‘Entertainment-Education’ Can Play Role In Ending Child Marriage

Devex: Opinion: Could the entertainment industry help end child marriage?
Maryam Mohsin, communications officer, and Kate Whittington, program officer, both at Girls Not Brides

“…[H]ow would ‘entertainment-education’ work in practice if it were to be used as a tool to end child marriage? … This approach has all of the promise and evidence to make a difference because it has the potential to be popular, reach audiences at scale, hit a nerve, prompt debate and discussion, and excite people. … But entertainment-education is not a silver bullet. As with most interventions, to be truly effective it needs to be combined with programs aimed at working with communities, families, and young girls. Girls need to be valued and have viable alternatives to marriage, such as education and vocational training. Policymakers, civil society organizations, and NGOs are also critical in ensuring the laws, services, and infrastructure are there to translate shifting attitudes into shifting behaviors. But the … impact entertainment-education could have in shifting attitudes and warming audiences to the idea of ending child marriage could make this endeavor priceless” (3/8).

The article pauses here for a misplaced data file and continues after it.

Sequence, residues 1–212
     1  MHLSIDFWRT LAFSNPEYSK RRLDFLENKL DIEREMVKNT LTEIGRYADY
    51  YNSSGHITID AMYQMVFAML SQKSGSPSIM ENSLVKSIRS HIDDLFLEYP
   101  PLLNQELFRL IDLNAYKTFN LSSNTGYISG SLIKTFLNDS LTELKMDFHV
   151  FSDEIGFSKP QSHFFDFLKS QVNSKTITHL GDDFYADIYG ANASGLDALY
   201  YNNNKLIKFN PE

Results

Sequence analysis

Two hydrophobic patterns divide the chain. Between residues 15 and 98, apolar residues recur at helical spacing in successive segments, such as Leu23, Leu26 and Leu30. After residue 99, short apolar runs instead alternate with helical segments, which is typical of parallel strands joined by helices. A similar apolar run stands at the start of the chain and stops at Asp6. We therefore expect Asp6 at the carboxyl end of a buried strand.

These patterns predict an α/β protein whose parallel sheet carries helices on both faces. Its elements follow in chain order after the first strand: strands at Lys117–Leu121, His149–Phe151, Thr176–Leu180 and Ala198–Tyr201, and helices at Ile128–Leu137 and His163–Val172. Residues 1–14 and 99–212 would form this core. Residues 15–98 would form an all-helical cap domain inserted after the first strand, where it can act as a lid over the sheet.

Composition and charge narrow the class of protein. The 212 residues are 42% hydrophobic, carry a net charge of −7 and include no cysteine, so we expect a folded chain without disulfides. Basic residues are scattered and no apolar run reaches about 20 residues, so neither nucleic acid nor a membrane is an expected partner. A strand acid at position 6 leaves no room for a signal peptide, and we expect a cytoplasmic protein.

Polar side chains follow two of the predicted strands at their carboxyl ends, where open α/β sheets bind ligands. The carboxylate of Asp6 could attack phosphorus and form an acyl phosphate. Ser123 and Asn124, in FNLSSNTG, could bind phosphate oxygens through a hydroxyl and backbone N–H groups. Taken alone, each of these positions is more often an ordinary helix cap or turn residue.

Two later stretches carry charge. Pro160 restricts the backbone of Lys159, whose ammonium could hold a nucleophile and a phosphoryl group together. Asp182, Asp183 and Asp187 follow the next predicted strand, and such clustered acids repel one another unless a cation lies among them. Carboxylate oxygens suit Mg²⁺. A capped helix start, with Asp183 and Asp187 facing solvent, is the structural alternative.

The KFF Daily Global Health Policy Report summarized news and information on global health policy from hundreds of sources, from May 2009 through December 2020. All summaries are archived and available via search.

The Henry J. Kaiser Family Foundation Headquarters: 185 Berry St., Suite 2000, San Francisco, CA 94107 | Phone 650-854-9400
Washington Offices and Barbara Jordan Conference Center: 1330 G Street, NW, Washington, DC 20005 | Phone 202-347-5270

www.kff.org | Email Alerts: kff.org/email | facebook.com/KaiserFamilyFoundation | twitter.com/kff

Filling the need for trusted information on national health issues, the Kaiser Family Foundation is a nonprofit organization based in San Francisco, California.